Karen Peterson/Valley Journal

George Haynes is an economist with the Montana State University Extension Office, and he says poverty is a difficult problem to fix that requires a multidimensional approach with access to resources many rural towns lack, including higher-paying jobs, access to transportation and housing infrastructure.

He said the most obvious way to bring people out of poverty is to increase their capital. He noted that the idea of a living wage is the newest solution being talked about across the country. The plan works by giving people a living wage around $15 an hour, depending on location, so they can afford the high cost of living.

“There is an experiment going on in Seattle as to whether that would work or not, but the jury is still out,” he said.

Haynes said the problem with increasing the minimum wage by a substantial amount, around $7, is that many small businesses wouldn’t be able to survive that kind of wage increase.

“It’s important to have jobs that pay well, but it’s not an easy solution,” he said. “Wages are critical but you have to be careful that by helping one person you don’t end up harming others.”

As an economist, he has seen many programs come and go and he is sure about one thing: “We need long-term permanent solutions that are sustainable.”

The Twice But Nice thrift store in Ronan helps provide jobs for people with disabilities through Mission Mountain Enterprises.
Karen Peterson/Valley Journal
One organization based out of Ronan, Montana is part of a multidimensional approach focused on helping people with disabilities survive on low incomes and avoid deep poverty. Mission Mountain Enterprises was created more than four decades ago to serve people with intellectual and cognitive impairments in the county by providing services like jobs at one of their two thrift shops and housing assistance. The program relies almost completely on state funding, and several similar programs are set up across the state.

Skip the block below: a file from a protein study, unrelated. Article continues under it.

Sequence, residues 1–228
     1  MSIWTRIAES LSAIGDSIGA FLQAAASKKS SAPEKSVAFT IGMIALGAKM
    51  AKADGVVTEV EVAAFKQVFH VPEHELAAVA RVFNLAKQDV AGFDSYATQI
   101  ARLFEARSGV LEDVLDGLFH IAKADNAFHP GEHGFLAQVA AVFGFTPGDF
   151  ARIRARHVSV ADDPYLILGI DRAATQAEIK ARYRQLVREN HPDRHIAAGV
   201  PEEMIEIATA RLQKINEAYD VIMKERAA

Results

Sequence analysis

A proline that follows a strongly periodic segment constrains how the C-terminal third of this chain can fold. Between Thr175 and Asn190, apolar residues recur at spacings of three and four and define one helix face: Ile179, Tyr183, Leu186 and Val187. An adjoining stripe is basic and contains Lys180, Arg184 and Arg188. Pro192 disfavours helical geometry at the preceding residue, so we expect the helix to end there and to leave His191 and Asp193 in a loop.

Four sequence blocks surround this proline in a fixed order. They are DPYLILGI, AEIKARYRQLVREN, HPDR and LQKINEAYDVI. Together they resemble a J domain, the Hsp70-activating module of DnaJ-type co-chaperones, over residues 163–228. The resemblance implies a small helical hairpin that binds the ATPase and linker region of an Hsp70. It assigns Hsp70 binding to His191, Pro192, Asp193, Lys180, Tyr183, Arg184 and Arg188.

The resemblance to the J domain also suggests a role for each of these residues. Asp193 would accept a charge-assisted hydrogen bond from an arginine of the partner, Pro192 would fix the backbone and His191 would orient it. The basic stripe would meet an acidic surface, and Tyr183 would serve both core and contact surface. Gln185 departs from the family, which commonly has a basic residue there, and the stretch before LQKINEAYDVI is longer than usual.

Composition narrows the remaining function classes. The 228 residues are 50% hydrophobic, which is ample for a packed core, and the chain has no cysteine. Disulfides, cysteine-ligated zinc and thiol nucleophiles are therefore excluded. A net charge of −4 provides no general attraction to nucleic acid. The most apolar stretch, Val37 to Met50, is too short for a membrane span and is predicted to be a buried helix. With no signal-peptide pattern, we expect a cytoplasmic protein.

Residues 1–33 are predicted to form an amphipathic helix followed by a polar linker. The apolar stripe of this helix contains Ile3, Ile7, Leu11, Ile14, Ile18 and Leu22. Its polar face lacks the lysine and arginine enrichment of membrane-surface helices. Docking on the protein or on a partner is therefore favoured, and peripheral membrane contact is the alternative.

Whitney Cantlon is the program’s chief executive officer and she says the program helps people, but several challenges still exist. She said the lack of transportation and other issues in rural Lake County make it difficult for people with disabilities as they try to get to work, medical services, or other programs. Government programs also limit the amount of money people with disabilities can make.

“For people capable of working, they can only work so much or they could lose their social security benefits,” Cantlon said. “And it’s hard to replace that income.”

The Montana Department of Public Health and Human Services is trying to make it easier for people with disabilities occurring before the age of 26 to save for the future without impacting their ability to apply for assistance. The program allows people to have a savings account called Achieving a Better Life Experience.

“This opens up a whole new world for people,” said DPHHS Director Sheila Hogan. “In the past, folks with disabilities were essentially penalized for saving money and being financially responsible. This will positively change the lives of thousands of Montanans.”  

It was noted that giving people with disabilities the power to save their own money or use contributions from others could help people find appropriate transportation options and utilize savings for education or training.

Cantlon said affordable housing is another issue for many of the people receiving services through her organization. Lake County Housing Assistance provides low-income housing to qualifying people, but there is a long waiting list, she said.

“There is a huge need for affordable housing, not just in Lake County,” she said. “We do have services to help people, but they need more funding.”

In a perfect world, she said there would be enough funding to help provide services for people who need it, but the state is facing budget cuts that trickle down to social services, and when the state doesn’t have the funding, there isn’t much they can do, but people still need help.

Cantlon said the county is facing problems that affect everyone, including the lack of transportation services, housing is a problem, higher paying jobs are limited, and social services are tight. But there is a bright side.